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Just one bad packet can bring down a vulnerable DNS server thanks to DNSSEC

A single packet can exhaust the processing capacity of a vulnerable DNS server, effectively disabling the machine, by exploiting a 20-plus-year-old design flaw in the DNSSEC specification.

That would make it trivial to take down, say, a public DNSSEC-validating DNS resolver that has yet to be patched, upsetting all the clients relying on that service.

The academics who found this flaw – associated with the German National Research Center for Applied Cybersecurity (ATHENE) in Darmstadt – claimed DNS server software makers briefed about the vulnerability described it as “the worst attack on DNS ever discovered.”

Identified by Professor Haya Schulmann and Niklas Vogel of the Goethe University Frankfurt; Elias Heftrig of Fraunhofer SIT; and Professor Michael Waidner at the Technical University of Darmstadt and Fraunhofer SIT, the security hole has been named KeyTrap, designated CVE-2023-50387, and assigned a CVSS severity rating of 7.5 out of 10.

As of December 2023, approximately 31 percent of web clients worldwide used DNSSEC-validating DNS resolvers and, like other applications relying on those systems, would feel the effects of a KeyTrap attack: With those DNS servers taken down by the flaw, clients relying on them would be unable to resolve domain and host names to IP addresses to use, resulting in a loss of connectivity.

With KeyTrap, an attacker could completely disable large parts of the worldwide Internet

The researchers said lone DNS packets exploiting KeyTrap could stall public DNSSEC-validated DNS services, such as those provided by Google and Cloudflare, by making them do calculations that overtax server CPU cores.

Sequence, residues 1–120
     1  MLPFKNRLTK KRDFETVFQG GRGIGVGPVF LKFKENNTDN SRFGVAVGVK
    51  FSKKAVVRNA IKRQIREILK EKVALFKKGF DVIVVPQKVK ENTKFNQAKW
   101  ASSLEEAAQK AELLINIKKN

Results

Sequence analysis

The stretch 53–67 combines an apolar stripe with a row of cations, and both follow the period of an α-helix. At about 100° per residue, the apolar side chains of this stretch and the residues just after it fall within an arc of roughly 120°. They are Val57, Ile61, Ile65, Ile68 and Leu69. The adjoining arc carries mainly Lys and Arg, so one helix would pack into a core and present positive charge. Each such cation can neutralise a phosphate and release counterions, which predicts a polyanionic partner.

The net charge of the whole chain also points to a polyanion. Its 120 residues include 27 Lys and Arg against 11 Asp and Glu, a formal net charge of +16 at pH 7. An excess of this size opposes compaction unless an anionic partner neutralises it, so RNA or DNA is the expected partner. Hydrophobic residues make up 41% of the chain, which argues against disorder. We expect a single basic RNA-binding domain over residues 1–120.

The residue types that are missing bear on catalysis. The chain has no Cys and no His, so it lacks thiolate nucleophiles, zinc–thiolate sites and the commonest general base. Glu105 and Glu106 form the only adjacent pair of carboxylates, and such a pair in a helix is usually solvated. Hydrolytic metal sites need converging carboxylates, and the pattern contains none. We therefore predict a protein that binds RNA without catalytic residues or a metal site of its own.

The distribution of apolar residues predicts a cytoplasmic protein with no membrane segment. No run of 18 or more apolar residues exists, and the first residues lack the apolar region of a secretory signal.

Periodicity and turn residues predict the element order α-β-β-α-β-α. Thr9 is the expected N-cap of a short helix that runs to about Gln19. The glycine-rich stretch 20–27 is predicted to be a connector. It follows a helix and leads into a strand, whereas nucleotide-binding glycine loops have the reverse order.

This disruption of DNS could not only deny people’s access to content but could also interfere with other systems, including spam defenses, cryptographic defenses (PKI), and inter-domain routing security (RPKI), the researchers assert.

“Exploitation of this attack would have severe consequences for any application using the Internet including unavailability of technologies such as web-browsing, e-mail, and instant messaging,” they claimed. “With KeyTrap, an attacker could completely disable large parts of the worldwide internet.”

A non-public technical paper on the vulnerability provided to The Register, titled, “The KeyTrap Denial-of-Service Algorithmic Complexity Attacks on DNS,” describes how an assault would be carried out.

“To initiate the attacks our adversary causes the victim resolver to look up a record in its malicious domain,” the due-to-be-published paper states. “The attacker’s nameserver responds to the DNS queries with a malicious record set (RRset), according to the specific attack vector and zone configuration.”

The attack works, the paper explains, because the DNSSEC spec follows Postel’s Law: “The nameservers should send all the available cryptographic material, and the resolvers should use any of the cryptographic material they receive until the validation is successful.”

This requirement, to ensure availability, means DNSSEC-validating DNS resolvers can be forced to do a lot of work if presented with colliding key-tags and colliding keys that must be validated.

“Our complexity attacks are triggered by feeding the DNS resolvers with specially crafted DNSSEC records, which are constructed in a way that exploits validation vulnerabilities in cryptographic validation logic,” the paper explains. “When the DNS resolvers attempt to validate the DNSSEC records they receive from our nameserver, they get stalled. Our attacks are extremely stealthy, being able to stall resolvers between 170 seconds and 16 hours (depending on the resolver software) with a single DNS response packet.”